nationwide improvements in diet and physical activity levels could
save 1000 lives each year from 2011 - and the benefits are greatest
A study in the latest New Zealand Medical Journal estimates that by
eating less fatty and sugary food, less salt and more vegetables and
fruit we could reduce the number of people dying each year from 2011
onwards by almost 1000. The study is a follow-up to a report released
in 2003 by the Ministry of Health and the University of Auckland looking
at the relationship between nutrition and deaths due to chronic disease.
The current report specifically looks at differences between Maori
The original study estimated that poor nutrition and physical inactivity
potentially played a role in up to 11,000 deaths in New Zealand in
1997 (two in every five deaths), with more than 4500 premature deaths
attributed to high cholesterol. It showed that high blood pressure
resulted in about 3700 deaths, overweight and obesity contributed to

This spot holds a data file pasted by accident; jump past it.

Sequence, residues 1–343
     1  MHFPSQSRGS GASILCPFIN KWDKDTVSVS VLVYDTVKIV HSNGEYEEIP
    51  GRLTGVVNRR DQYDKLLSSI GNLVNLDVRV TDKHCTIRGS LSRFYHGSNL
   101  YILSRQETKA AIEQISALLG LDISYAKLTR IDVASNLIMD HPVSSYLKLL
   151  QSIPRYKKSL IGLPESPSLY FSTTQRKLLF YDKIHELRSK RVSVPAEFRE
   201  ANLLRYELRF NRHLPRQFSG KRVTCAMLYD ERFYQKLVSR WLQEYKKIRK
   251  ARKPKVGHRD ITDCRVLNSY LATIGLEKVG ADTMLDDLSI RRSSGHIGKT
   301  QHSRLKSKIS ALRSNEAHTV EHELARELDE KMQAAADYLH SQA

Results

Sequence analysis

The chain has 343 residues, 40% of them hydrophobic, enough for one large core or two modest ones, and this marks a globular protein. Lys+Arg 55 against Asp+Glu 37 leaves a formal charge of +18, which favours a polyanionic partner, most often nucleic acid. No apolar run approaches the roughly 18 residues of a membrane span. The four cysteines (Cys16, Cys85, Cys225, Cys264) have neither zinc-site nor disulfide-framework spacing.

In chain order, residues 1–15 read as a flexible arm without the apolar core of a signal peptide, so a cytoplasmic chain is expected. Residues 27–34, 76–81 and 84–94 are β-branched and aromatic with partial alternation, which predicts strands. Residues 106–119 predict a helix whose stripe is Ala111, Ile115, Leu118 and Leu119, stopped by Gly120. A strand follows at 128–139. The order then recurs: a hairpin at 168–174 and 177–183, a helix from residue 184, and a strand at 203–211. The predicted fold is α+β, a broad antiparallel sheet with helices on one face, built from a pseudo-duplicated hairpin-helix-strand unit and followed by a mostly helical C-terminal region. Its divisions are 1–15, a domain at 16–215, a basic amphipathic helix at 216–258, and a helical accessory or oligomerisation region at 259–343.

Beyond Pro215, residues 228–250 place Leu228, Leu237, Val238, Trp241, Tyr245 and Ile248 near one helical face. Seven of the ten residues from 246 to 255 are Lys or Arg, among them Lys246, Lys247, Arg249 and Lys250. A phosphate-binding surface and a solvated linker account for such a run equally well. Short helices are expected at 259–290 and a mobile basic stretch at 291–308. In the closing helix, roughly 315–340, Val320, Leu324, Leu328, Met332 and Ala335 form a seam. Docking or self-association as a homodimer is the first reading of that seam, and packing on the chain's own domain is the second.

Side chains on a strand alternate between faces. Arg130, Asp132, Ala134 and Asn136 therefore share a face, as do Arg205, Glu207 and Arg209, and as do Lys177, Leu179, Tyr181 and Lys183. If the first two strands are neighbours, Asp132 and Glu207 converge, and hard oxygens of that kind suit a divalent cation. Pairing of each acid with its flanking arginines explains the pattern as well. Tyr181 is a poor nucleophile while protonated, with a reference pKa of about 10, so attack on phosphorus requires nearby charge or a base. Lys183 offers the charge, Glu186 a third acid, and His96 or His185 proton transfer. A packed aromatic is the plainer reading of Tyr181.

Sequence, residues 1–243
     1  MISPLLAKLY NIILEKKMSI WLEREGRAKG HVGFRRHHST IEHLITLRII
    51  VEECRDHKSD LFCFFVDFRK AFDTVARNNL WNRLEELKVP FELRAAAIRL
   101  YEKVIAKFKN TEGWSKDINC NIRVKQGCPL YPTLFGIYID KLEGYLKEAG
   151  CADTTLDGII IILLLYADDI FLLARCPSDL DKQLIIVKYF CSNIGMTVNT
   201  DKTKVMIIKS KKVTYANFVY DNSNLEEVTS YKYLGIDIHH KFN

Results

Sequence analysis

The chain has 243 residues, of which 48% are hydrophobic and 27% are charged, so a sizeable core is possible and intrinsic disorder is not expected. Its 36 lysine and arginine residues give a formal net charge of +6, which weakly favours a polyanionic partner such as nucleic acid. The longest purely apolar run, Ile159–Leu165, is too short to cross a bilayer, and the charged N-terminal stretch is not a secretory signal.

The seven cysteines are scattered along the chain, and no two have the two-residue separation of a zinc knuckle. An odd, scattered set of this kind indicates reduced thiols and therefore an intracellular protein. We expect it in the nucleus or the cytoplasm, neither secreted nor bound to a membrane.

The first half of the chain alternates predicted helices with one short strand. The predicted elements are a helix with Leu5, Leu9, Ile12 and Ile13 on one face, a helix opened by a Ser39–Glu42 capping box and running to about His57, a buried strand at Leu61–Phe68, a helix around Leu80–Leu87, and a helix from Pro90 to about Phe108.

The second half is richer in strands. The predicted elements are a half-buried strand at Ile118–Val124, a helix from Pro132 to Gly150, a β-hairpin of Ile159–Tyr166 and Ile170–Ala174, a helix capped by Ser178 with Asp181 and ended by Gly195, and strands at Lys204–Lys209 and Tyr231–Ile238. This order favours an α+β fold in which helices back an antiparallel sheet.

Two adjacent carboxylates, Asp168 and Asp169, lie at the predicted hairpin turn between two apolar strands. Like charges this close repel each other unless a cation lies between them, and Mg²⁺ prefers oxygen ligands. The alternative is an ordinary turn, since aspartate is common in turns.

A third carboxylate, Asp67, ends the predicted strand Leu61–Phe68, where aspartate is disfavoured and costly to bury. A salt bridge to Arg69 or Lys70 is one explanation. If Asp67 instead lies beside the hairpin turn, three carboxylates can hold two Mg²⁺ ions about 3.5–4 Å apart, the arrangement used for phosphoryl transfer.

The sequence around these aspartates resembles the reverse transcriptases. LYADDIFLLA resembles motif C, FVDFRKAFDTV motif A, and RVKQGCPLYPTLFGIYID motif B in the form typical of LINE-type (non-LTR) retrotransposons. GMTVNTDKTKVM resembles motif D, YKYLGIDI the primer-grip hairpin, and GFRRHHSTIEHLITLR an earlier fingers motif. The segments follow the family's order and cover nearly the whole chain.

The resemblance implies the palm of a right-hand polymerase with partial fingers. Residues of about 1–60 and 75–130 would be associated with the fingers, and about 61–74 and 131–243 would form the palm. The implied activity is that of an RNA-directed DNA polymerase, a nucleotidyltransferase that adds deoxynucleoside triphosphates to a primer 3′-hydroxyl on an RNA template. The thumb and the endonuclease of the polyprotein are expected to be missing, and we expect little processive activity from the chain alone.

3200 deaths, and inadequate vegetable and fruit intake contributed
to 1600 deaths.
Deputy Director-General of Public Health Don Matheson welcomes the
latest report on ethnic disparities in the burden of poor nutrition.
He sid that small reductions at the population level in our average
blood pressure, average cholesterol levels; average body weights and
increase in vegetable and fruit consumption would have a major impact
on population health.
Dr Matheson said that any study like this makes a number of assumptions,
but provides a useful estimate of the scope for health gain.
The calculations show that the gains are available to all of us, but
are even greater for Maori.
He says the key messages for individuals from the study are:
- eat at least five servings of vegetables and fruit each day
- choose foods and drinks that are low in fat, salt and sugar
- be physically active for at least half an hour a day.
Dr Matheson said that we are well placed to use the framework of the
primary health strategy to get some improvements in cholesterol and
levels through the emphasis on keeping people well and managing chronic
conditions. We can also expect to gain major health benefit from implementing
the Government's Healthy Eating-Healthy Action strategy, which aims
to provide a supportive environment to enable New Zealanders as a population
to eat better and to be more physically active.